Reference:  Yoga for the Special Child by Sonia Sumar
 

Brief History of Ashtanga Yoga

The Ashtanga Vinyasa series is said to have its origin in an ancient text called the Yoga Korunta, compiled by Vamana Rishi, which Krishnamachariya, the father of modern yoga received from his Guru Rama Mohan Brahmachari at Mount Kailash in the early 20th century.
The origins of yoga itself are obscure and estimated as being somewhere between 4,000 and 8,000 years ago and at that time, yoga was practiced mainly by a small group of  yogis who lived in caves and forests, far from society. Krishnamacharya is be considered by many as the yogi who brought yoga into the mainstream . Among his students were present day teachers such as K. Pattabhi Jois (founder of Ashtanga Vinyasa Yoga) B.K.S. Iyengar (founder of Iyengar Yoga) Indra Devi, and Krishnamacharya’s son T.K.V. Desikachar.
The popular system of Ashtanga Yoga that is widely practiced today, traces its more recent origins back to Sri K. Pattabhi Jois. Sri K. Pattabhi Jois became a student of Sri T. Krishnamacharya in 1927 at the age of 12. Over the next twenty-five years, he learned and mastered the practices passed on to him by his Guru and in turn, passed them onto his students.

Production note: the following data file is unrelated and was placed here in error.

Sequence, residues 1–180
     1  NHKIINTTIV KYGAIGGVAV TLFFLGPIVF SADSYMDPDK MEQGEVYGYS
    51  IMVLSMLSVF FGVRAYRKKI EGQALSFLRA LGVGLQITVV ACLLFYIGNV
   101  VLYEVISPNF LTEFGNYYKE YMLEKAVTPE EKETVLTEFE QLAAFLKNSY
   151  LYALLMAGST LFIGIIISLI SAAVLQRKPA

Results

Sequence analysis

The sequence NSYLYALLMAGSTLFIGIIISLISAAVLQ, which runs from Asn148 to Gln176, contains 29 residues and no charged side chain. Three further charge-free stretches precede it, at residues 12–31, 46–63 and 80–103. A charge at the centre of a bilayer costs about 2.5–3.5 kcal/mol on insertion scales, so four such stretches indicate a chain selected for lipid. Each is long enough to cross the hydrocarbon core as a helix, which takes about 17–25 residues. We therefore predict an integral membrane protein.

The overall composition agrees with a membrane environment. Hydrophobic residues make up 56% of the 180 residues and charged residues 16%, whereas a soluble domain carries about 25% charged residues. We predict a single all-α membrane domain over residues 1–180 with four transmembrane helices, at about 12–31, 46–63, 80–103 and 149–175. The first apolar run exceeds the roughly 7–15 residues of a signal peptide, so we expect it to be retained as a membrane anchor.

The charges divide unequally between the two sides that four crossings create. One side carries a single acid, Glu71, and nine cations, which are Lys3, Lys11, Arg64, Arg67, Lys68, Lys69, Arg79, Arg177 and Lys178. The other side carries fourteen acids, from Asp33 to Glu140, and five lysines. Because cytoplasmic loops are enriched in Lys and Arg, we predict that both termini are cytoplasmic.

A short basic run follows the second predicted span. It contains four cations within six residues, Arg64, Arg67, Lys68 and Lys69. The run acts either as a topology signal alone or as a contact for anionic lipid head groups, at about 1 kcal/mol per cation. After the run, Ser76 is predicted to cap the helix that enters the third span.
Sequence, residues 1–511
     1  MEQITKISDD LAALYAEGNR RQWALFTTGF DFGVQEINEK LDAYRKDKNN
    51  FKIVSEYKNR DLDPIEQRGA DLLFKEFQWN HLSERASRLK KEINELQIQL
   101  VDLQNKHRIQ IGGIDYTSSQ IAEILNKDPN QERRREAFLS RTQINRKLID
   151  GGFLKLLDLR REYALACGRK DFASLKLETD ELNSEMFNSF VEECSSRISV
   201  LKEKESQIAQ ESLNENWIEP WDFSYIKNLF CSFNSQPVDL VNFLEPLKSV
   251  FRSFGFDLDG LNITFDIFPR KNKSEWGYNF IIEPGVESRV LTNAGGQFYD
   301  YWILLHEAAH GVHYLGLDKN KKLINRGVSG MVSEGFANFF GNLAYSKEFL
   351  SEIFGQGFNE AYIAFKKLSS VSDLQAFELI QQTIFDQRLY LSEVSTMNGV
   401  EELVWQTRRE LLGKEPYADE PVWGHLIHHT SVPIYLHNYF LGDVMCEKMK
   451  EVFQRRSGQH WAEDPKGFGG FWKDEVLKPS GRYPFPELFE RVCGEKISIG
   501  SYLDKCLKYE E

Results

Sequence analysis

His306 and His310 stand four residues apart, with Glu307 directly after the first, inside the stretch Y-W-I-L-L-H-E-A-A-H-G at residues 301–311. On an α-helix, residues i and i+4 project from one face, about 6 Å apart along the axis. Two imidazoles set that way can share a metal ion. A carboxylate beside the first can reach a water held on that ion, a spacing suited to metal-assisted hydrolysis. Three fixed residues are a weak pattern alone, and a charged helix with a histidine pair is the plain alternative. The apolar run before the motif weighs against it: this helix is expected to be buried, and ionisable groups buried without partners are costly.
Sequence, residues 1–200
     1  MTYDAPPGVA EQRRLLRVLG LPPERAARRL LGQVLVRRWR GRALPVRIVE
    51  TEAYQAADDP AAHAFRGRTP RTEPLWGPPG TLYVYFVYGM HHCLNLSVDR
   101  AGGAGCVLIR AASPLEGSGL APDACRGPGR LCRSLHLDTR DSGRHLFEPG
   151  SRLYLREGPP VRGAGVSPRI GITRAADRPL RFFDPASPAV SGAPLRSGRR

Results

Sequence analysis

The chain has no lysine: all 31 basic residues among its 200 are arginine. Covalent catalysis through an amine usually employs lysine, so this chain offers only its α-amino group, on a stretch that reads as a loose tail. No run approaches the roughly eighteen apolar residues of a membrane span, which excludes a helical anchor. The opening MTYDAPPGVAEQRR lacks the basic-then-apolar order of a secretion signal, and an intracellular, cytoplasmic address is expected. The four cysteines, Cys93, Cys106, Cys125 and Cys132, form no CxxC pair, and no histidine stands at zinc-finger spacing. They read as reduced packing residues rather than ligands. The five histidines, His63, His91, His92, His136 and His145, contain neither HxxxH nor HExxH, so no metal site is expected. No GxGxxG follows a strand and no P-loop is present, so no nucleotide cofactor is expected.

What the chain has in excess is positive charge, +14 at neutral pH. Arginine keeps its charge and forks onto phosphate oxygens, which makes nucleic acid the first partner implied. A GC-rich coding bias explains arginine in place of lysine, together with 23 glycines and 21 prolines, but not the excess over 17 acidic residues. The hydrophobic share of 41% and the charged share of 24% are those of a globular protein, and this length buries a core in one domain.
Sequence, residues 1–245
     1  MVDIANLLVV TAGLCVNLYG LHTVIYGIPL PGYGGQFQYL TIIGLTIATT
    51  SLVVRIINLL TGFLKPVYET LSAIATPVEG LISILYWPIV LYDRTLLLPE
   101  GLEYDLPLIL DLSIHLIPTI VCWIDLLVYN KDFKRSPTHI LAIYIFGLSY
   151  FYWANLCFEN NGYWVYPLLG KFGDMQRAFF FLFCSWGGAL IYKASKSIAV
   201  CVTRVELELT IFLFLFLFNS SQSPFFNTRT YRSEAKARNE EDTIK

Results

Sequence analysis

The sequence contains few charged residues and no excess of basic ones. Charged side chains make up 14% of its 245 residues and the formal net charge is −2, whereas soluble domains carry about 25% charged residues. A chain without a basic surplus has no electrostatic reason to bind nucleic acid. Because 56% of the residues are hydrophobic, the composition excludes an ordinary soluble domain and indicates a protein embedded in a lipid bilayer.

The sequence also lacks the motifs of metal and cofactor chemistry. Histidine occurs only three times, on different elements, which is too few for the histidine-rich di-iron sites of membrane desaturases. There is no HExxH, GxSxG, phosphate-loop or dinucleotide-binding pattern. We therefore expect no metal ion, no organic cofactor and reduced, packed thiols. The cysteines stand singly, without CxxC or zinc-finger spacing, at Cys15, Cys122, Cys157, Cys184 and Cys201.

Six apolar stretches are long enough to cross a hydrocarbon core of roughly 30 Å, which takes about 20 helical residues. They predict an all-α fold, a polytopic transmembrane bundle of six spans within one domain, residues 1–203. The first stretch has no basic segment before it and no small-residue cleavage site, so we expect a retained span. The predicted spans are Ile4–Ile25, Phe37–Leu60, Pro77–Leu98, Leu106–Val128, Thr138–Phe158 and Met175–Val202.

Daily or regular practice is highly emphasized in Ashtanga Vinyasa Yoga. Ashtanga Yoga is traditionally taught in Mysore style (supervised self practice, named after the city in India where Ashtanga originates), where each student moves through the practice at his or her own pace and level. An individual with an established Ashtanga practice might take between an hour and two hours, depending on his or her own personal speed, but a beginner will likely have a shorter practice
 
 
 

My Journey with Yoga

Yoga, like life, is a never ending journey. There is always more to explore and more to learn. Below is how my journey began and where it has led me so far.